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4CPS-055 Pharmacogenetics and its applications in personalised medicine: a systematic review
  1. L Amaro,
  2. J Cordero,
  3. A Martínez-Escudero,
  4. A Aguado,
  5. MÁ Calleja
  1. Hospital Universitario Virgen Macarena, Hospital Pharmacy, Seville, Spain


Background and Importance Pharmacogenetics evaluates how genetic variations influence drug responses. Nowadays, genetic tests have advanced, become more affordable, and its integration are supported by stronger clinical evidence. Guidelines such as those from CPIC and resources like PharmGKB facilitate genotype-based prescribing. Organisations like the FDA promote genetic testing before initiating certain medications. Preventive pharmacogenetic panels seems promising, but further research on biomarkers and diverse populations is needed.

Aim and Objectives This review examines recent evidence on the genotype-drug response relationship and its application in clinical practice.

Material and Methods A systematic search was conducted on PubMed to identify articles investigating the genotype-drug response relationship. The search strategy included terms such as ‘pharmacogenetics,’ ‘personalised treatment,’ ‘precision medicine,’ ‘dose adjustment,’ ‘individualised dosing,’ ‘clinical routine,’ and ‘clinical practice.’ Studies such as clinical trials, observational studies, and meta-analyses were included. The initial search yielded a total of 136 articles published between 2013 and 2023 for analysis.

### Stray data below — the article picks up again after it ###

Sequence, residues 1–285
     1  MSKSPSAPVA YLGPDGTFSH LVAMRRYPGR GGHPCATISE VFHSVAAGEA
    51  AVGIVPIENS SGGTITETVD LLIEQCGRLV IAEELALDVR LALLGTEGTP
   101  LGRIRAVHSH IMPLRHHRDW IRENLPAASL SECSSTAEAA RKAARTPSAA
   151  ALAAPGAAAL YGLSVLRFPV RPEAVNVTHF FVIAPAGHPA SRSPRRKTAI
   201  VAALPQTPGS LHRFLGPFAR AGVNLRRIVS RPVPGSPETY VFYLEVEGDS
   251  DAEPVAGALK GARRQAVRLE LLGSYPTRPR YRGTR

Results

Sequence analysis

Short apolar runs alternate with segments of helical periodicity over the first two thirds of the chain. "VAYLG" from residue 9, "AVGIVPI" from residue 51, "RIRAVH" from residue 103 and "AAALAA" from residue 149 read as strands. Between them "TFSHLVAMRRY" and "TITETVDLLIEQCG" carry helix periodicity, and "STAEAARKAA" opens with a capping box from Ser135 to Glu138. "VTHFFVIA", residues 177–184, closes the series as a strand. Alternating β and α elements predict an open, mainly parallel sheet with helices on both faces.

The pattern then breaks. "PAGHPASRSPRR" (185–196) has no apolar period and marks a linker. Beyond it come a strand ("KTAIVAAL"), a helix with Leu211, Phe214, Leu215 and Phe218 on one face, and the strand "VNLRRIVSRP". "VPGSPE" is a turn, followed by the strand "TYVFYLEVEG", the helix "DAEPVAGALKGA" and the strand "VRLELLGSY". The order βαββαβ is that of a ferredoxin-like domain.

Results 49 articles were included for the final analysis. The characteristics of the articles are explained in table 1.

Abstract 4CPS-055 Table 1

A relationship between genetic polymorphisms and drug response or toxicity was found for drugs such as opioids, GLP-1 agonists, tacrolimus, oral anticoagulants, oral antineoplastics, atypical antipsychotics, efavirenz, clopidogrel, lamotrigine, anti-TNFα agents, voriconazole, SSRIs, or statins, among others. However, for drugs like metformin, quetiapine, irinotecan, bisoprolol, and anti-VEGF agents, no statistically significant association between genotype and response was found.

Conclusion and Relevance The studies analysed in this review suggest a strong correlation between genetic variability and individual drug responses, supporting the use of pharmacogenetics for treatment optimisation. However, for certain drugs like metformin, quetiapine, etc., the influence of genotype on their response remains unclear. More studies with larger sample sizes, greater ethnic diversity, and consideration of non-genetic factors are needed. Lack of standardisation in analysis methods and accessibility to genetic testing are significant challenges in this field. In summary, pharmacogenetics shows immense potential in personalised medicine, but further research is required.

Conflict of Interest No conflict of interest.

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